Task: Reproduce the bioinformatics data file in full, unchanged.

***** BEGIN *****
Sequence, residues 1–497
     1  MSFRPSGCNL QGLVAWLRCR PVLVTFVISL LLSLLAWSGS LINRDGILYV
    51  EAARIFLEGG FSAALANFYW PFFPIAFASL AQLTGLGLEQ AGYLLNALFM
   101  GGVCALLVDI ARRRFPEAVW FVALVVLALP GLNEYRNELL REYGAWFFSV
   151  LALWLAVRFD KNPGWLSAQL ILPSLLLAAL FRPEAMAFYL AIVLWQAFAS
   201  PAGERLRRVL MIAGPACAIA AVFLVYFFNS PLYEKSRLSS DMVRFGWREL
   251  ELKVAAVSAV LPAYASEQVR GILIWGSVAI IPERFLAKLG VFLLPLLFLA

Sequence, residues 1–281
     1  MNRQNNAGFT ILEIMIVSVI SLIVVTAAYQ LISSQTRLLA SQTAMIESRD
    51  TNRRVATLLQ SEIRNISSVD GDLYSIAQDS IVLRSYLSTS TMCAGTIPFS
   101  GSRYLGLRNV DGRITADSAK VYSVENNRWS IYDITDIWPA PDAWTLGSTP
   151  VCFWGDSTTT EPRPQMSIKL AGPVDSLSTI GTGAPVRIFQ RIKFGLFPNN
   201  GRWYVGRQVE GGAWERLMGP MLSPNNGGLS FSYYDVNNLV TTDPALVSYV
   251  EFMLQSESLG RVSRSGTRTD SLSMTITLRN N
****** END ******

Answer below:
Sequence, residues 1–497
     1  MSFRPSGCNL QGLVAWLRCR PVLVTFVISL LLSLLAWSGS LINRDGILYV
    51  EAARIFLEGG FSAALANFYW PFFPIAFASL AQLTGLGLEQ AGYLLNALFM
   101  GGVCALLVDI ARRRFPEAVW FVALVVLALP GLNEYRNELL REYGAWFFSV
   151  LALWLAVRFD KNPGWLSAQL ILPSLLLAAL FRPEAMAFYL AIVLWQAFAS
   201  PAGERLRRVL MIAGPACAIA AVFLVYFFNS PLYEKSRLSS DMVRFGWREL
   251  ELKVAAVSAV LPAYASEQVR GILIWGSVAI IPERFLAKLG VFLLPLLFLA

Sequence, residues 1–281
     1  MNRQNNAGFT ILEIMIVSVI SLIVVTAAYQ LISSQTRLLA SQTAMIESRD
    51  TNRRVATLLQ SEIRNISSVD GDLYSIAQDS IVLRSYLSTS TMCAGTIPFS
   101  GSRYLGLRNV DGRITADSAK VYSVENNRWS IYDITDIWPA PDAWTLGSTP
   151  VCFWGDSTTT EPRPQMSIKL AGPVDSLSTI GTGAPVRIFQ RIKFGLFPNN
   201  GRWYVGRQVE GGAWERLMGP MLSPNNGGLS FSYYDVNNLV TTDPALVSYV
   251  EFMLQSESLG RVSRSGTRTD SLSMTITLRN N